The Associated Press
WASHINGTON - Eye doctors would be required to provide contact lens patients with their prescriptions, making it easier for consumers to shop for the best prices, under legislation the House passed Wednesday.
Since 1978, eyeglass wearers have had the right to get their prescriptions from eye care providers, but in many states that right has not been extended to people with contact lenses. Without that information, people have been forced to buy their lenses from the prescribing optometrists or ophthalmologists, often at a higher price than might be available elsewhere, said Rep. Richard Burr, R-N.C., sponsor of the bill.
"This is an important consumer rights issue," said Rep. Jan Schakowsky, D-Ill. With it, consumers "will have the freedom to shop around and find the best deal possible."
The bill would prohibit a prescribing doctor from charging a fee for providing a copy of the prescription to a patient. It would also allow lens providers to fill a prescription if the doctor does not call back within eight hours to verify it.
The bill passed the House 406-12. A pending Senate spending bill for fiscal 2004 contains language guaranteeing that contact lens wearers have access to prescriptions, but House supporters said they hope the Senate will vote on their bill separately.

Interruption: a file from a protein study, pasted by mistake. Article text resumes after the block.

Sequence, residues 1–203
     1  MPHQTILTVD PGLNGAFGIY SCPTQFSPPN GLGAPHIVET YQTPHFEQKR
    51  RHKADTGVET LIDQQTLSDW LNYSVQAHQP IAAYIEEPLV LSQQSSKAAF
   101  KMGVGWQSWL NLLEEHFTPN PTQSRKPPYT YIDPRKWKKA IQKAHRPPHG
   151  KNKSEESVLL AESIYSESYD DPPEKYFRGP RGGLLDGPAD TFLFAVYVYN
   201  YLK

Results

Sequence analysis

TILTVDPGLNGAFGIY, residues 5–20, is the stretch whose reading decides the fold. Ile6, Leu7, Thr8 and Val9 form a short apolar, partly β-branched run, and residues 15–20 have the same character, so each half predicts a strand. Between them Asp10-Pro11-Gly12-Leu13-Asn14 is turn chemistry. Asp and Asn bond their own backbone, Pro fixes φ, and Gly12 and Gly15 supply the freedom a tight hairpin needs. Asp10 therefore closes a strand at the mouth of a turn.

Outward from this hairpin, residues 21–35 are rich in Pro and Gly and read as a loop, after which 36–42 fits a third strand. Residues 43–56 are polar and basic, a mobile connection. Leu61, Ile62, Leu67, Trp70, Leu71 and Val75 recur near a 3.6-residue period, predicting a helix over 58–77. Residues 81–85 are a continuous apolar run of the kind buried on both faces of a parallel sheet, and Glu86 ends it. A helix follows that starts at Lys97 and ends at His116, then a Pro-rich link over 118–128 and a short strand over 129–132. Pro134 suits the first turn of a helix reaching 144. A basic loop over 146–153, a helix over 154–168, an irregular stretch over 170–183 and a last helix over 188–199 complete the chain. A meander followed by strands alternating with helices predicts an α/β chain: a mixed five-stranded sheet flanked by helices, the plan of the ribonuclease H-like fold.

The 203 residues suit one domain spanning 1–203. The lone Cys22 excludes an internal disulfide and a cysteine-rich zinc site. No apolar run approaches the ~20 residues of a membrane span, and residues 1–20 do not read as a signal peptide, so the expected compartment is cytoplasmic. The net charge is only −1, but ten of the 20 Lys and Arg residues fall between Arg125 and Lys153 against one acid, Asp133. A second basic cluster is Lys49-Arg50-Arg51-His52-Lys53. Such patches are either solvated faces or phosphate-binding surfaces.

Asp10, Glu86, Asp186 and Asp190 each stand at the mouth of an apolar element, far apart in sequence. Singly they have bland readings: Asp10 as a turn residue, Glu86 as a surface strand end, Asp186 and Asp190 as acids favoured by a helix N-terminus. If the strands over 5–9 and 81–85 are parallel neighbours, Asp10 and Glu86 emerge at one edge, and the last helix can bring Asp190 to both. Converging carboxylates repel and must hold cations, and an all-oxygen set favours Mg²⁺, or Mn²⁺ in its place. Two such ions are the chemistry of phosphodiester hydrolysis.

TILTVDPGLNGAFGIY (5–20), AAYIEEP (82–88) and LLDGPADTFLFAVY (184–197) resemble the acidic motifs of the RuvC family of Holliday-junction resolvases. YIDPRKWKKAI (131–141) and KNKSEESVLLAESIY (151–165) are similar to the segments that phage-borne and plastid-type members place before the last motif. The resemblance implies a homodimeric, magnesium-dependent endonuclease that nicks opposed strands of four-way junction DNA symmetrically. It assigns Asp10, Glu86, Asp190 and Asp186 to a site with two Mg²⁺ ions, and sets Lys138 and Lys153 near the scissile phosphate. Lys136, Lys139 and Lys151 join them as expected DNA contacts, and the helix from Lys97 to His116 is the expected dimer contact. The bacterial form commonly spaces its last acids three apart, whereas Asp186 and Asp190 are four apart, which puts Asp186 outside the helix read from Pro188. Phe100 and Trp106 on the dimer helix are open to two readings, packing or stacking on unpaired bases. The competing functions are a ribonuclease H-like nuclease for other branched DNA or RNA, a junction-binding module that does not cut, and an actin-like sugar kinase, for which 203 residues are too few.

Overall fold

Supporters of the bill said it would benefit the 36 million Americans who wear contact lenses. They said consumers spend an estimated $3.5 billion annually to replace contact lenses, and that they could save an average 20 percent by buying from alternative sellers.
The House on Wednesday also approved legislation requiring the Food and Drug Administration to regulate noncorrective contact lens as medical devices.
Rep. John Boozman, R-Ark., an optometrist, said decorative lenses are now classified the same as cosmetics and available anywhere from video stores to gas stations, and they can pose health hazards ranging from eye infections to blindness.
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